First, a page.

SWEMF Workshop with Emma Hornby
13th April 2024 – St Monica’s Chapel, Cote Lane, Bristol.

This was a most enriching and enlightening day for singers keen to practice plainchant and early polyphony of the Gothic Era. The workshop was located at a magnificent Chapel within a complex set of Victorian Gothic style buildings created, and still used, as a Retirement Village.

Our academic and expert leader, Emma Hornby, introduced herself and a small number of her University of Bristol ’Schola Cantorum’. These were Music Students with a specific interest in Early Music. As an introduction we were given a brief introduction to the Gothic Era and taken by Emma to the early years of Notre Dame to sight read early polyphony associated with the likes of Léonin and Pérotin. It was immediately clear that that this was going to be a very successful day as our reading, and quality of sound, demonstrated that we all had a common interest, experience and aptitude for Early Music.

The purpose of the day was to provide our own afternoon Vespers Service, open to all that wished to attend. This consisted of chanted psalms, canticles and readings as done within the 12th & 13th Century. Our Vespers also included a couple of two-part early Polyphonic Hymns. Singing directly from neumes (the early square notation in modes) used in medieval times released us from the models and rules of modern sheet music. Musical modes had their own distinct set of characteristics and gave Emma the option to start on any base note. This was a day in which we focused upon pitch, rhythm, and expression in Plainchant. It was also a day in which we could imagine lengthy services, including those at night times, in our pre-reformation monasteries.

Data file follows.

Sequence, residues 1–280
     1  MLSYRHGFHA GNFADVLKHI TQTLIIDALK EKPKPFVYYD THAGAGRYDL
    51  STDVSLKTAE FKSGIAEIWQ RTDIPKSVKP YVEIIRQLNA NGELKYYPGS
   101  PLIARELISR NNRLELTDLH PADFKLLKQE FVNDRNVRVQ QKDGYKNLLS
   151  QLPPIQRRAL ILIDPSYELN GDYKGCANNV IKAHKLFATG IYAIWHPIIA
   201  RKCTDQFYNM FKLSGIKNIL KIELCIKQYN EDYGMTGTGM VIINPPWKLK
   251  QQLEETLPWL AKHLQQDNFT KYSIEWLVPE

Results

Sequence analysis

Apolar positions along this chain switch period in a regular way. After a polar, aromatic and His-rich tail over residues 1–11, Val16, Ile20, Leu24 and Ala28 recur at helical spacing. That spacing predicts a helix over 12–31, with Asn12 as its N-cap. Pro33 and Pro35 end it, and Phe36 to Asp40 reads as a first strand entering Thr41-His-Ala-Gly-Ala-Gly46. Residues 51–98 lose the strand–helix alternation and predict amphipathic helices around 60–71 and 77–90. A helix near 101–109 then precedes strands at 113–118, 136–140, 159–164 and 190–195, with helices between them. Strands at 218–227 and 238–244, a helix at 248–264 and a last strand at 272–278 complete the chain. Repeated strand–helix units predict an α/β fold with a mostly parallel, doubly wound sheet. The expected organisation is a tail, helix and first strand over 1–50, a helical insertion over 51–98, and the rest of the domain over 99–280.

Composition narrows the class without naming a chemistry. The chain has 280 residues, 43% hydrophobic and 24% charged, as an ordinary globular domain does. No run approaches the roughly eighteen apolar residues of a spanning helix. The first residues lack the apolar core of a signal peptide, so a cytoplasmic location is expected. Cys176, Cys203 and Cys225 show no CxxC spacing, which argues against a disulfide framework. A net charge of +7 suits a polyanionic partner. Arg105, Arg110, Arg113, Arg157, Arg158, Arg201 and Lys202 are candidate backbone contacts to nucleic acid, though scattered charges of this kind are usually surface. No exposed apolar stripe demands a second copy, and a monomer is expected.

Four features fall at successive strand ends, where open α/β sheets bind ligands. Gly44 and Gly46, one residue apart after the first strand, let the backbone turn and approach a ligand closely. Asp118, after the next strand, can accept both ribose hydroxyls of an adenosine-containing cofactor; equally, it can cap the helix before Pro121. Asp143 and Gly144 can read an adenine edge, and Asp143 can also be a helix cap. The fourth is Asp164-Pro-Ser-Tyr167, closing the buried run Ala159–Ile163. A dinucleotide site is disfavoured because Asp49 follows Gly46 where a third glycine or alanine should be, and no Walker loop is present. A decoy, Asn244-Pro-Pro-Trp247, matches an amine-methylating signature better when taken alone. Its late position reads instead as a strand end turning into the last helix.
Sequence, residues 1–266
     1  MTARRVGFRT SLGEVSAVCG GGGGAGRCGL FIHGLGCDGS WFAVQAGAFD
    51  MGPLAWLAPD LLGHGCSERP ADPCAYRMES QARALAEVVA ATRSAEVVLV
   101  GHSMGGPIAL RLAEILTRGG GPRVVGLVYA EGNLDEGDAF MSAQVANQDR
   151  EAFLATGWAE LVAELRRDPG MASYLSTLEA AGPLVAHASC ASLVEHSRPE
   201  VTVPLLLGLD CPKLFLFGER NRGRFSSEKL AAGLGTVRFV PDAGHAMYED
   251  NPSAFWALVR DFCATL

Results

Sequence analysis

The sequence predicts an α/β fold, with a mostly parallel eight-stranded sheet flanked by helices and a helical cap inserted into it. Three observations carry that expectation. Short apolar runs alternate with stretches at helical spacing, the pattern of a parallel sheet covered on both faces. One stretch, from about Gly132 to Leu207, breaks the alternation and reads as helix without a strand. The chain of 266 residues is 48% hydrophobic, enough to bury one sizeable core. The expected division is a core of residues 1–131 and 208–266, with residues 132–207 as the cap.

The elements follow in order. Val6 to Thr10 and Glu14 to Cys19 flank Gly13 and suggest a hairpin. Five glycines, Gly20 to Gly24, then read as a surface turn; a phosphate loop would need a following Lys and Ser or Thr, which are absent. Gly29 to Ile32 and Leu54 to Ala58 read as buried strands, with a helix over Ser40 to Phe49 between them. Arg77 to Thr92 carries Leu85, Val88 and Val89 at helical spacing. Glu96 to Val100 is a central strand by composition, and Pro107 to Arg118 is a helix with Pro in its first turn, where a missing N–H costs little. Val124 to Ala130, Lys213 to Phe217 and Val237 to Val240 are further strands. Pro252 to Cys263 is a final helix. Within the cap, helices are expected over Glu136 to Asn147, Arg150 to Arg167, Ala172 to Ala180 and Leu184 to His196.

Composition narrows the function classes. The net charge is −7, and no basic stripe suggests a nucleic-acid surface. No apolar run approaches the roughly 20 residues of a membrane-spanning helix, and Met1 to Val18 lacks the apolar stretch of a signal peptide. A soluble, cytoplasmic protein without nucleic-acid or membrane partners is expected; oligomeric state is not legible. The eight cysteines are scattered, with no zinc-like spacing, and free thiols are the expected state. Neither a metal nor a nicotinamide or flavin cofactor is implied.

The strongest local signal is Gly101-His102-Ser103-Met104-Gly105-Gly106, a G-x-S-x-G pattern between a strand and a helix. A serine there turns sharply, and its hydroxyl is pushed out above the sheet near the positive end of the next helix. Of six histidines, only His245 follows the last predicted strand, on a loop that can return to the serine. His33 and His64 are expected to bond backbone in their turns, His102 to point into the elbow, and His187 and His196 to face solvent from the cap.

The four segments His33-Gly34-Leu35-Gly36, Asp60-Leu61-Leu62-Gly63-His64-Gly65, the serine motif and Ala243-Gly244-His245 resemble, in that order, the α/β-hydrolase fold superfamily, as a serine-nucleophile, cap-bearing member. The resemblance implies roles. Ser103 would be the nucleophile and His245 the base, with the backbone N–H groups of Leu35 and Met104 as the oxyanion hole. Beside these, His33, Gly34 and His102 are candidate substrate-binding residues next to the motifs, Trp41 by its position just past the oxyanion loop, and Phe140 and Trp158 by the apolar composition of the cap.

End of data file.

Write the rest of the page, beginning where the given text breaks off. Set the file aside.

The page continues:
We are all most grateful to Jenny Tribe for organising the day, and of course to Emma Hornby for proving the expertise in leading us through the complex early Chants that she had previously selected, prepared and printed. We should also note that a 90-year-old resident at the Retirement Village, a previously experienced Singer, participated in the Workshop.

Medieval Plainchant & Early Polyphony is seldom practiced in our Churches today. This was an opportunity to be taken with both hands. Thank you.

Tom Williams